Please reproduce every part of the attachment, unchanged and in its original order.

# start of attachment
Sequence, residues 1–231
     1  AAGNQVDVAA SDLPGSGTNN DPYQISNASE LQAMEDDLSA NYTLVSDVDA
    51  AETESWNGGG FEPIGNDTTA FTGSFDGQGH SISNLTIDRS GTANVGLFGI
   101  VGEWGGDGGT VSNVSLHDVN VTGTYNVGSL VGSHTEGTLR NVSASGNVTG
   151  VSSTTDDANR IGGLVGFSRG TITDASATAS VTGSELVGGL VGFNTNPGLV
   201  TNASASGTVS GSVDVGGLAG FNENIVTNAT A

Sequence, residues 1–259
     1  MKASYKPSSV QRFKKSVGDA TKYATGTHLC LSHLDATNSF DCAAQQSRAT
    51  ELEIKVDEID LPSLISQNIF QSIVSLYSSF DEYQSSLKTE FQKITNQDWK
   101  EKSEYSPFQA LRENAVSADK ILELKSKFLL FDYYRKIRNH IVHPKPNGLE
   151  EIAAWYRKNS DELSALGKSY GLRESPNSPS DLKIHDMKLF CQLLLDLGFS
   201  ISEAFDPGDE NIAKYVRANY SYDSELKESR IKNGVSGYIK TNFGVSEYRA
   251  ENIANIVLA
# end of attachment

Sequence, residues 1–231
     1  AAGNQVDVAA SDLPGSGTNN DPYQISNASE LQAMEDDLSA NYTLVSDVDA
    51  AETESWNGGG FEPIGNDTTA FTGSFDGQGH SISNLTIDRS GTANVGLFGI
   101  VGEWGGDGGT VSNVSLHDVN VTGTYNVGSL VGSHTEGTLR NVSASGNVTG
   151  VSSTTDDANR IGGLVGFSRG TITDASATAS VTGSELVGGL VGFNTNPGLV
   201  TNASASGTVS GSVDVGGLAG FNENIVTNAT A

Sequence, residues 1–259
     1  MKASYKPSSV QRFKKSVGDA TKYATGTHLC LSHLDATNSF DCAAQQSRAT
    51  ELEIKVDEID LPSLISQNIF QSIVSLYSSF DEYQSSLKTE FQKITNQDWK
   101  EKSEYSPFQA LRENAVSADK ILELKSKFLL FDYYRKIRNH IVHPKPNGLE
   151  EIAAWYRKNS DELSALGKSY GLRESPNSPS DLKIHDMKLF CQLLLDLGFS
   201  ISEAFDPGDE NIAKYVRANY SYDSELKESR IKNGVSGYIK TNFGVSEYRA
   251  ENIANIVLA